A plan for a large oyster farm in Lagoon Pond spurred debate in Oak Bluffs this week, with town officials weighing concerns about the location and effects of the proposed farm with the potential benefits of aquaculture.

Brothers Dan and Greg Martino applied for an aquaculture license to start a four-acre oyster farm at the southern end of Lagoon Pond, south of the sailing camp on the Oak Bluffs side. Their goal, they said, is to establish an ecologically-friendly farm that would grow 2.5 million oysters a year and help reduce nitrogen in the pond. Dan Martino said he learned about oyster farming through filming a documentary about an oyster farmer who has served as his mentor.

The shellfish committee in late March voted against the project, with four against and one abstention, saying the proposed area was too large and would interfere with commercial and recreational shellfishing, as well as other recreational uses in the pond. The board also voted 4-1 not to allow any private aquaculture in the Lagoon, and suggested that the town pursue sewering around the pond to reduce nitrogen.

“I don’t see why one individual can take away from so many,” shellfish committee chairman Mark G. Landers told the selectmen Tuesday during a public hearing on the application. He said the area is used by Sail Martha’s Vineyard and residents as well as by fly fishermen and boat fishermen. He noted that the town had set aside space off Joseph Sylvia State Beach for aquaculture.

Dan Martino said conditional approval from the selectmen would allow further site study by the state Division of Marine Fisheries and other agencies, and the selectmen would have to approve the proposal a final time.

“It’s not easy blazing trails,” he said.

“I’m glad I’m not making this decision, and I’m torn,” shellfish constable David Grunden said. “There’s no question that the oysters and shellfish have a biological service in reducing nitrogen in the water . . . but the town itself does a fair amount of municipal shellfish aquaculture on its own, and it’s a benefit for the town.” He said he didn’t know if Lagoon Pond was the best location for a farm, and noted concerns about conflicting use. In a letter to the selectmen, he said he could not support the application.

The oyster farm would help reduce nitrogen levels in pond. — Ray Ewing

Conservation commission chairman Joan Hughes said her committee was also torn. “This is something new to us, we have not dealt with aquaculture before,” she said. “We feel very strongly it’s an excellent thing.”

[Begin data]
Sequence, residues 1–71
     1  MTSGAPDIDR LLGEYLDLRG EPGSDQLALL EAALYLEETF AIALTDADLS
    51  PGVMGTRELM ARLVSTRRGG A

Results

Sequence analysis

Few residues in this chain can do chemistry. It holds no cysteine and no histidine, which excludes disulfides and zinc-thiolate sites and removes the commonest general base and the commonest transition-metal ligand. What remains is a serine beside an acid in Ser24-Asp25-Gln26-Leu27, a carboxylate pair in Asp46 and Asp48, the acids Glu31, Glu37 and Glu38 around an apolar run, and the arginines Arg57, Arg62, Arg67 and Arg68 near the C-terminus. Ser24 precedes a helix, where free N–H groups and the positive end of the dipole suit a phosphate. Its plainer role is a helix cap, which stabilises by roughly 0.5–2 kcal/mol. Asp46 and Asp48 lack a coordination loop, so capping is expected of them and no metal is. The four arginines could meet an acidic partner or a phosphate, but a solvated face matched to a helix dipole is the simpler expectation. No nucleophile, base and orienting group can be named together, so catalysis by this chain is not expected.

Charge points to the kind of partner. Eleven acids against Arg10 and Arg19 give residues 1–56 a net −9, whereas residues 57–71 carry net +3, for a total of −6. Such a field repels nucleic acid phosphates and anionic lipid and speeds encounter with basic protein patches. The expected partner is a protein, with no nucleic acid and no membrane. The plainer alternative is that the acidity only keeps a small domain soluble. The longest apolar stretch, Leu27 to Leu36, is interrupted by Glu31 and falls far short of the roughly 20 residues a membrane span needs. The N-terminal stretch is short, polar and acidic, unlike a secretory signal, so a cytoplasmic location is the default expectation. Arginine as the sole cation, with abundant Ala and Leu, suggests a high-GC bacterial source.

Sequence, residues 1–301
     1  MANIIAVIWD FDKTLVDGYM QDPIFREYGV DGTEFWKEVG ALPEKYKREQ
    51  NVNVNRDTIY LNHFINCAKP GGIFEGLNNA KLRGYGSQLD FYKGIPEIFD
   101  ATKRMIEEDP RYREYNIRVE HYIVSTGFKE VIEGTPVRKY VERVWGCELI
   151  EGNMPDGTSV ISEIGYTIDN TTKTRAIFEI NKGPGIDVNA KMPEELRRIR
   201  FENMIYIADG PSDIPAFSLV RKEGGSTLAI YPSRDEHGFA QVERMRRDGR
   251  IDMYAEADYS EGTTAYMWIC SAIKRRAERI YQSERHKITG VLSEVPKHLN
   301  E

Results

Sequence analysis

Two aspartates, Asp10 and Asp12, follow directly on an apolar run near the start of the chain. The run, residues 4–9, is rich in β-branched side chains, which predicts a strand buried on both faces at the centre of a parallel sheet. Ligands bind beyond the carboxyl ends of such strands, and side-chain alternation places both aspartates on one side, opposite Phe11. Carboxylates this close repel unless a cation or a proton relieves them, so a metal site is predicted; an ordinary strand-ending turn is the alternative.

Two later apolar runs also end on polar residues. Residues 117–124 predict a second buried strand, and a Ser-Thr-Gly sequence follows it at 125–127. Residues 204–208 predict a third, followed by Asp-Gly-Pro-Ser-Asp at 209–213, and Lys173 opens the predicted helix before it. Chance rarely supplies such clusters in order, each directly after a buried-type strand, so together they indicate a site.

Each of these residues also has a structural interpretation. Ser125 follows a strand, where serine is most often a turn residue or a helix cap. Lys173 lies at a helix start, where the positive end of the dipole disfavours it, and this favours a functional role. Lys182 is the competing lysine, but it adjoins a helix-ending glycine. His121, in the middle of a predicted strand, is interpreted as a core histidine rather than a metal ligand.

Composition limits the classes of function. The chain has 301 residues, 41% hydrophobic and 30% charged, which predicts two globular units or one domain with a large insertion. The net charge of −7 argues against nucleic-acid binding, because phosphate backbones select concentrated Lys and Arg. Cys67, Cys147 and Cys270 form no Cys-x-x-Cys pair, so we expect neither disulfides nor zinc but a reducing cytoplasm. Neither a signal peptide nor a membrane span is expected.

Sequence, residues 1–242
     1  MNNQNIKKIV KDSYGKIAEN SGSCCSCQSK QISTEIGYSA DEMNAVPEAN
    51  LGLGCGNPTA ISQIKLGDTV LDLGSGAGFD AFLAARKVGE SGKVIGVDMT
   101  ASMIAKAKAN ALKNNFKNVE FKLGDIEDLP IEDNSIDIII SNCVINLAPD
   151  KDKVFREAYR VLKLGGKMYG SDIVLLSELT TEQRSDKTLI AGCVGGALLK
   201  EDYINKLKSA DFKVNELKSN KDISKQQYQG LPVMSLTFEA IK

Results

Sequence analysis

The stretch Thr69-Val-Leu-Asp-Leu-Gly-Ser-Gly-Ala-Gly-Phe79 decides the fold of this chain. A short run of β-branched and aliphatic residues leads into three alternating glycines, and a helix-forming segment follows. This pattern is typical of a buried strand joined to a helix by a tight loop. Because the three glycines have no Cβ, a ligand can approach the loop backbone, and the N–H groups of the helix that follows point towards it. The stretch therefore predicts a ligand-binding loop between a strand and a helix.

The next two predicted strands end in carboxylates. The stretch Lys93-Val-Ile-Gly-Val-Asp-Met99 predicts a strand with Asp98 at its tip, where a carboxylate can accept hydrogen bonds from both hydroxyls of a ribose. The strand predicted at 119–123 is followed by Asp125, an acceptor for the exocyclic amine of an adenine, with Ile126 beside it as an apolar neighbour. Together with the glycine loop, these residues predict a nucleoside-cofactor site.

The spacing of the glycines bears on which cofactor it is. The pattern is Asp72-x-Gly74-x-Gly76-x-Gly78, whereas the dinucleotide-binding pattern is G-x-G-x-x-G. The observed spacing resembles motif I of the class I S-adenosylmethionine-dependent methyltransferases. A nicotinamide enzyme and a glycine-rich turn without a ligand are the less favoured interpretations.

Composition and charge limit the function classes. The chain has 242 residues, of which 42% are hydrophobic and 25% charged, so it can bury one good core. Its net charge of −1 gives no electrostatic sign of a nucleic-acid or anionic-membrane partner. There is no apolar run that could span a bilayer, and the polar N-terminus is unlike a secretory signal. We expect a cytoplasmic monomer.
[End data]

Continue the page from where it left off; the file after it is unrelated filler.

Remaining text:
But she added that while the theory is fantastic, the town needs to look at best practices. She suggested creating a committee to decide how best to approach aquaculture, adding that there should be more input from various groups before deciding on a program.

The selectmen received letters in favor of approving the project, including one from the Lagoon Pond Association board expressing its “wholehearted” support. “We are all aware of how successful oyster culture has been in Katama Bay and would support Mr. Martino’s application to pursue this in Lagoon Pond,” president Jim Butterick wrote. “We believe that while some parties may be concerned as to the impact such activity might have on other commercial or recreational uses of the pond, both should be able to coexist as we enter an era where we must be cautious with our precious resources, like our ponds, that we have otherwise been in the past. Many approaches need to be applied to save and restore our ponds.”

“I think we need to start being innovative, we need to look at alternatives,” Richard Toole said. “I would hate to have you shut this thing off . . . try it out, see if it works.”

Rick Karney, director of the Martha’s Vineyard Shellfish Group, wrote a letter in support of the project. The Lagoon Pond is “one of the most impaired water bodies on Martha’s Vineyard. It is slowly dying,” Mr. Karney wrote. He noted that it is well documented in scientific literature that adult cultured oysters remove .4 grams of nitrogen from a body of water, and though it would take an annual harvest of 15 million oysters to meet the recommended nitrogen removal, “a smaller number of cultured oysters harvested . . . could reduce and lower the amount and costs of sewering.”